A fast-moving, action-packed account of Granger Korff’s two years’ service during 1980/81 with 1 Parachute Battalion at the height of the South African ‘bush war’ in South West Africa (Namibia) and Angola.
A rough, tough ’Bat in the bush wars of Namibia and Angola
A fast-moving, action-packed account of Granger Korff’s two years’ service during 1980/81 with 1 Parachute Battalion at the height of the South African ‘bush war’ in South West Africa (Namibia) and Angola. Apart from the ‘standard’ counter-insurgency activities of Fireforce operations, ambushing and patrols, to contact and destroy SWAPO guerrillas, he was involved in several massive South African Defence Force (SADF) conventional cross-border operations, such as Protea, Daisy and Carnation, into Angola to take on FAPLA (Angolan MPLA troops) and their Cuban and Soviet allies.
Having grown up as an East Rand rebel street-fighter, Korff’s military ‘career’ is marred with controversy. He is always in trouble—going AWOL on the eve of battle in order to get to the front; facing a court martial for beating up, and reducing to tears, a sergeant-major in front of the troops; fist-fighting with Drug Squad agents; arrested at gunpoint after the gruelling seven-week, 700km Recce selection endurance march—are but some of the colourful anecdotes that lace this account of service in the SADF.
Granger Korff. 1960—Cassius Clay won Olympic gold in Rome; the Beatles made their debut in Germany; apartheid was ‘booming’ in South Africa; and Granger Korff was born on the East Rand near Johannesburg to a realtor father and budding-actress mother. “The apartheid system was sewn tight as a Zulu drum and the country moved to a slow beat,” he says of the times. He grew up in the mining town of Benoni, a quiet child initially, before ‘enjoying’ a colourful school career as a musician and quickfisted rebel, attending a string of different schools for a string of different reasons.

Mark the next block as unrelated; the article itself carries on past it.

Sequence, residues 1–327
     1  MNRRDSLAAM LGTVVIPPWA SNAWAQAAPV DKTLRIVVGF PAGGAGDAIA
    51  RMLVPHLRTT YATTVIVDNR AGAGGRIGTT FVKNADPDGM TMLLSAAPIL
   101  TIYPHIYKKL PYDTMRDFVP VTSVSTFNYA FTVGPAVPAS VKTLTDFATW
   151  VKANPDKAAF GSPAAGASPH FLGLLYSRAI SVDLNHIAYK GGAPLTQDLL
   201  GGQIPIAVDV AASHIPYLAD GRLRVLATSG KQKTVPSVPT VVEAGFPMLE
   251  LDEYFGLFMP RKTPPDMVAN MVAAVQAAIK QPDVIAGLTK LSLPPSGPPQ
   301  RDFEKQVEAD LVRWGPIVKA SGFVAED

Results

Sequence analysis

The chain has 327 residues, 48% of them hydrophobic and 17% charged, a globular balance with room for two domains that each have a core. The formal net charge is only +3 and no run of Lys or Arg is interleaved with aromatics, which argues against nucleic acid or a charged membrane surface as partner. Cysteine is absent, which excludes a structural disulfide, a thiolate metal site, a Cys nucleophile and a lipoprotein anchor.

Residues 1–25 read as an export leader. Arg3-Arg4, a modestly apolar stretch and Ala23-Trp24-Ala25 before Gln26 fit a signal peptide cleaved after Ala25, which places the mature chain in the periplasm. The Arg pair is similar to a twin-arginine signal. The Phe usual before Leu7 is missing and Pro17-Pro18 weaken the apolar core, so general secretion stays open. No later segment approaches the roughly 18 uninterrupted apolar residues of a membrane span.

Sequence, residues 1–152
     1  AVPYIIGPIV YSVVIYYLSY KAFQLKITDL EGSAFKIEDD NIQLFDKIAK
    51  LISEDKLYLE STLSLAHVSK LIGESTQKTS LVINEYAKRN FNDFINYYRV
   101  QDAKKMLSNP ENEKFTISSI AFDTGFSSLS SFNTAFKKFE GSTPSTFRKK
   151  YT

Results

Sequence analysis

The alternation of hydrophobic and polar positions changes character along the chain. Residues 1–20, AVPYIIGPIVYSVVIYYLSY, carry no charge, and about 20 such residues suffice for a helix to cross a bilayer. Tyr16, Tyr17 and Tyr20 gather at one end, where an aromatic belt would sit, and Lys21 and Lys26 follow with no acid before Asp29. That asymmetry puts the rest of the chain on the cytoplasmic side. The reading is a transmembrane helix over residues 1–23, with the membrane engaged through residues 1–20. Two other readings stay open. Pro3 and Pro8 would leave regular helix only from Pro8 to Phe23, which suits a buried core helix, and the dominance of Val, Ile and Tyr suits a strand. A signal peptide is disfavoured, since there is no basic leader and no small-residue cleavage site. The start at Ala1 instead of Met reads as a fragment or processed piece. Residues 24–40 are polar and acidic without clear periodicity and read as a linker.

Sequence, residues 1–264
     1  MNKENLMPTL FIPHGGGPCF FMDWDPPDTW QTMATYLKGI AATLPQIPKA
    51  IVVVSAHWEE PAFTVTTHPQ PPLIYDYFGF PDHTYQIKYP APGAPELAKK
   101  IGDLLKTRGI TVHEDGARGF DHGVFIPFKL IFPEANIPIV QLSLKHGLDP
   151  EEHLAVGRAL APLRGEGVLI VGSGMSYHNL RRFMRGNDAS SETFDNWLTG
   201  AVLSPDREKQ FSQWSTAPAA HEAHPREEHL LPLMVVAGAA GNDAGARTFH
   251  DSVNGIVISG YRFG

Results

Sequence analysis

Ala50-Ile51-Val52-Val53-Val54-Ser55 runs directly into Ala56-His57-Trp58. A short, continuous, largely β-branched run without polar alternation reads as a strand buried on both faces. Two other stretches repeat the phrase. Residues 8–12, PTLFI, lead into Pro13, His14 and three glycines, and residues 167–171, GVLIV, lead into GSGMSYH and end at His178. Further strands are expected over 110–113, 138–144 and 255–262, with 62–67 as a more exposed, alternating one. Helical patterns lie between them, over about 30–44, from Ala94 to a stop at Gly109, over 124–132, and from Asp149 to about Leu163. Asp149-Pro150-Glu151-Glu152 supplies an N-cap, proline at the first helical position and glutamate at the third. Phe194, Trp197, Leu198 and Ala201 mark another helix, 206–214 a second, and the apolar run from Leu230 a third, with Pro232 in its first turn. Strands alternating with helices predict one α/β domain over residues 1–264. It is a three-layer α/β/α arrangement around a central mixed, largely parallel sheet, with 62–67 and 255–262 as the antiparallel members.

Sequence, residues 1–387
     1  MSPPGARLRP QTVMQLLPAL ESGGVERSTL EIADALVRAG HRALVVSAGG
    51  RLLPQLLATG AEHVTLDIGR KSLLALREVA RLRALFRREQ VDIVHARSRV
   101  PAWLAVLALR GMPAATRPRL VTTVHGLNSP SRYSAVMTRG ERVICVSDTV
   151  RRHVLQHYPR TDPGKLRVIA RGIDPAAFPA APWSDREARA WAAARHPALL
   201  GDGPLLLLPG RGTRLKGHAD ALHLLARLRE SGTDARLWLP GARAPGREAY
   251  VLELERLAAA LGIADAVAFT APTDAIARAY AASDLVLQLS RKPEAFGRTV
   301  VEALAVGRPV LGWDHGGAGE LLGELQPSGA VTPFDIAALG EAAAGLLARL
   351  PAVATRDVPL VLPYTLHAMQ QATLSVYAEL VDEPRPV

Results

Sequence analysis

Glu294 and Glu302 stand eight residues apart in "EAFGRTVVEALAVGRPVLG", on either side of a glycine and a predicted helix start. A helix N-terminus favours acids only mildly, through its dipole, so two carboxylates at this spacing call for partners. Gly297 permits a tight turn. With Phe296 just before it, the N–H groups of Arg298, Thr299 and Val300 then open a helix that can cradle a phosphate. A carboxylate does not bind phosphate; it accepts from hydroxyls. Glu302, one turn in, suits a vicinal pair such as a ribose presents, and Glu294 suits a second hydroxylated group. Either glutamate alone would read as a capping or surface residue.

He graduated in 1979—alone from the public library. In 1985, plagued by his demons from the bush war, he travelled to the USA on a four-month boxing/vacation walkabout where he haunted the mean streets of Los Angeles, scrapping and boxing to survive. Ike Turner and Mickey Rourke were his drinking buddies and he almost became Jake LaMotta’s (‘The Raging Bull’) son-in-law. Twenty-four years later, Granger still lives in LA, where he runs a small plumbing business.